Google Play Store Comments and Reviews (Morning Writing Pages)

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[Google Play Store is where people with Android phones can download apps, books, music, and videos. I’m not sure what the iPhone equivalent is because I don’t care to spend one month’s rent for a phone that will be obsolete and not working in a year.]

My son and I “test” a lot of games, and I “test” various other apps and reading material. I use the word, “test”, because we usually go thru the tutorial and then delete it. With all of the thousands (millions?) of games available, you would think we’d never come across a game we’d played before — but it does happen. Quite often, actually.
Once you’ve begun to download an app, even before it is installed on your phone (tablet or otherwise), you can leave a comment. This is why there are comments saying an app won’t open and could the developers please let the individual know when it is fixed?

The star rating goes from one star to five stars. There is space for a comment, with a bold header.
Maybe it’s because I write (and have an Editor- in- residence in my head), but I appreciate it when people leave a rating, along with an explanation of why s/he gave that rating. When I fill it out, it helps me remember why I uninstalled in the first place.
It is helpful if a review matches the number of stars given. Reading the comments from other people makes my undiagnosed OCD go nutty. How can a four star rating be matched with a diatribe against the app, the developers, and their firstborn child? Or a one star rating followed by, “Dis is da bezzzt app EVA!”? Things like a one star review that reads, “Osum” (I’m assuming that writer meant “awesome”), or a four star rating filled with complaints makes people (read: snobs like me) think you’re not very bright or not very sane. Then again, I have left reviews that said, simply, “Boring”, or, worse, “Meh”.

The Star System
When you click on a star, it tells you what that number of stars means.

1 Star = Hated It
2 Stars = Disliked It
3 Stars = It’s Okay
4 Stars = Liked It
5 Stars = Loved It

The developer of the app (application) will receive a notification when you post your comment. Most developers only respond to a one star rating, so if you want their attention, a four star review with your problems will be overlooked.
Keep in mind that these reviews are for other people to read, helping them decide whether to download or keep looking. I’m not saying you have to write an essay with source material. However, excessive use of misspelled slang is off-putting and will make people think you’re an idiot. Remember: your comments are linked to your Google account. Someone can click on your comment and see what else you’ve reviewed. They can follow that to your Google+ account, but that’s another story.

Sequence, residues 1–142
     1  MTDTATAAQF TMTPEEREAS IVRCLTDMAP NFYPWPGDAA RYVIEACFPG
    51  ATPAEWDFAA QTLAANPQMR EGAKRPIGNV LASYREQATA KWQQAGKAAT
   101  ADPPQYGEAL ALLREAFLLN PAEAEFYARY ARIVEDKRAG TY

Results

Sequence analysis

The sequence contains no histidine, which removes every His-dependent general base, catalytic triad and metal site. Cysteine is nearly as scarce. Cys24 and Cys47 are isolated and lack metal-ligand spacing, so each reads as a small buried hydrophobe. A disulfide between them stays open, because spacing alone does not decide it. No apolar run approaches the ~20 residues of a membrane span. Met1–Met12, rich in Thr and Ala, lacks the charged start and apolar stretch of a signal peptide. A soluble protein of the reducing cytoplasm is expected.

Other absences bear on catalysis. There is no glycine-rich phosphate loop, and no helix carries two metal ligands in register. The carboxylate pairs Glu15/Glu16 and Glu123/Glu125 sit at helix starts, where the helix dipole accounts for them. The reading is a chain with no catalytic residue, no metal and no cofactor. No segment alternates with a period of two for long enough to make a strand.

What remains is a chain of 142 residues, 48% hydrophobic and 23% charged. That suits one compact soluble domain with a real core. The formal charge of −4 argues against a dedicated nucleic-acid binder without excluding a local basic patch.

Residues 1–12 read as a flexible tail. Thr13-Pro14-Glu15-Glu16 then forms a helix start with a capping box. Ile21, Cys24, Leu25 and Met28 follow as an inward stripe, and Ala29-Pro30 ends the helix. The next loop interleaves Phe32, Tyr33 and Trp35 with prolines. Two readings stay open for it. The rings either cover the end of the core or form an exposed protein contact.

I comment for myself. I go thru games and apps faster than I go thru clean underwear. Fibromyalgia means that my short term memory is shot, so I like to see what I thought of a game. Did I remove it due to it’s size? Lack of time? Am I planning on reinstalling it when I get a tablet and, therefore, more memory?
Other people comment for a variety of reasons, but one of the things that drives me crazy are the people who try to bargain with the developers. It’s not uncommon to see, “please make X cost less and I’ll give you another star”. Some even write a few hundred words about all of the changes they would like to see, and the extra stars they’ll give.
It is a space to review the app.
It is not a place for you to write a paper on all the ways you think the game should be changed so that you will like it better. Create your own app — there is an app for that.
I’m sure the developers, if they bother to read reviews like that, simply roll their eyes and move on to the next review. The number rating at the top is the average of hundreds, even thousands, of players. The work involved in changing an app is greater than what that extra star is worth.
Besides, if the developers were to sit down and do all of the changes one person suggests, twenty more would follow with their perfect ideas and so on.
I do have one more pet peeve. The “shout out”. As in, “This game is cool and I want to give a shout out to my man X”. There is no point in giving a “shout out” to someone. Yes, I have seen this. The name is not linked, so unless you show the person that you did it, s/he will never know. I will, but fortunately I’ll forget it before I move on to the next game.


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If you’re on http://www.dkstevens327.WordPress.com, check out http://www.writersgroup1.WordPress.com. And vice versa.
Blessed Be.

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